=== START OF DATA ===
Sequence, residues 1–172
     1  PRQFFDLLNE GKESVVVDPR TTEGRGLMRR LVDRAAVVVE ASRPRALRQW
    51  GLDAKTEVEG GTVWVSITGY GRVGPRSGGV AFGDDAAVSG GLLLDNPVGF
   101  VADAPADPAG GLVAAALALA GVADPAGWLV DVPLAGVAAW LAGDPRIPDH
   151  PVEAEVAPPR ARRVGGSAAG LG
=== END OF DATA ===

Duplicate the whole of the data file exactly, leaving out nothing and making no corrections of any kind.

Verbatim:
Sequence, residues 1–172
     1  PRQFFDLLNE GKESVVVDPR TTEGRGLMRR LVDRAAVVVE ASRPRALRQW
    51  GLDAKTEVEG GTVWVSITGY GRVGPRSGGV AFGDDAAVSG GLLLDNPVGF
   101  VADAPADPAG GLVAAALALA GVADPAGWLV DVPLAGVAAW LAGDPRIPDH
   151  PVEAEVAPPR ARRVGGSAAG LG